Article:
While many people are excited about Marie Kondo’s “katazuke” (tidying-up) method, there are a certain number of people who disagre. If you are curious why people react to her so vehemently on both sides, it may help to understand the unique “Japanese-ness” she represents in the niche of decluttering. A hint: cleaning can be philosophical!
If it sounds counterintuitive that “having less” results in a happier life; simply flip the coin and think that “owning more” means “more stress to manage.” We are surrounded by too much stuff, information and relationships that are beyond our capacity to manage in comfort. Having less means adjusting your assets to a manageable size.
“Happiness” is elusive. No one knows for sure how to get it. So, we have assumed that “more makes us happier.” But an increasing number of people are realizing that that recipe does not necessarily work. They are starting to reject owning more to feel happier. How can this be possible?
We tend to think of minimalism as an art movement and a minimalist lifestyle as two separate things, but they share a common philosophy. It has to do with how we leverage our inner ability and potential. Connect the dots among De Stijl, Zen rock garden and “decluttering.”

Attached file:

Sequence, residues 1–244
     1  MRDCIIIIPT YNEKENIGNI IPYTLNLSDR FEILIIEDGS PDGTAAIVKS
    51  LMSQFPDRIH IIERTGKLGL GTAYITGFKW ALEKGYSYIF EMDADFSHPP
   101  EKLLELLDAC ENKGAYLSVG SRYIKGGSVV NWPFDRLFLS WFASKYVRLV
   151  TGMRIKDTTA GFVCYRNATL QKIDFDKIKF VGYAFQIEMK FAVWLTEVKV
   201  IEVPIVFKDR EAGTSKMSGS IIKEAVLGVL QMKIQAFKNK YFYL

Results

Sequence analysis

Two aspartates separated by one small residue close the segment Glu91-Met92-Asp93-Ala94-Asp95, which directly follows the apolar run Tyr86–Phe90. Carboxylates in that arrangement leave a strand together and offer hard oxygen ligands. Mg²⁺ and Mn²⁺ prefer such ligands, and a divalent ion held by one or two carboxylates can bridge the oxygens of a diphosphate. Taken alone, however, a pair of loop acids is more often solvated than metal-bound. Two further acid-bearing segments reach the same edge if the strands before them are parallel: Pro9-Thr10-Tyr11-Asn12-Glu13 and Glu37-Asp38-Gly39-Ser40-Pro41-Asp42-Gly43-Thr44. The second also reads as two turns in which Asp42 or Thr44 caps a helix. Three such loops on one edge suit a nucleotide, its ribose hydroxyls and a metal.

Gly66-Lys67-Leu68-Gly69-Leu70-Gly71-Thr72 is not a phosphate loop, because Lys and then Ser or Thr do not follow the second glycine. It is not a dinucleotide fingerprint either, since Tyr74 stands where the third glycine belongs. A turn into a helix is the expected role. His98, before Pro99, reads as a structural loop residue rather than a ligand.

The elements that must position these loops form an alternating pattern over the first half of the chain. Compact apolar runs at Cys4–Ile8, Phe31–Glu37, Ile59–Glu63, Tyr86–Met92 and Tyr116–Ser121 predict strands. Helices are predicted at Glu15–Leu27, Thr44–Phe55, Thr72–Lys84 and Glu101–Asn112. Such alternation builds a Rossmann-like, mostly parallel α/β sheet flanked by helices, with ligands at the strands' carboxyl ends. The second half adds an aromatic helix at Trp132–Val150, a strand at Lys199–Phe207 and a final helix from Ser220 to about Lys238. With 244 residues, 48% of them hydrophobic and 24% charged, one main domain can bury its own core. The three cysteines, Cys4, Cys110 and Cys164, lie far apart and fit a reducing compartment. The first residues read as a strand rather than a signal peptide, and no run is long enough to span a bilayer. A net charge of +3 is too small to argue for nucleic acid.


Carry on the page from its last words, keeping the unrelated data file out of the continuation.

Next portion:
Millennials are not interested in owning extravagant properties but instead are interested in investing in experiences. Their “ideal” house should look very different from older generation whose dream was to own a big house. What Sou Fujimoto imagined at House Vision may be the answer.
Pursuing “just right” (not too much, not too little), MUJI uses the slogan “fitness80” to ask what the “just right” level/amount is for humans.
Tidying up is about subtracting your belongings toward the ultimate essentials. Zero = abundance shares common theme. But there is something deeper.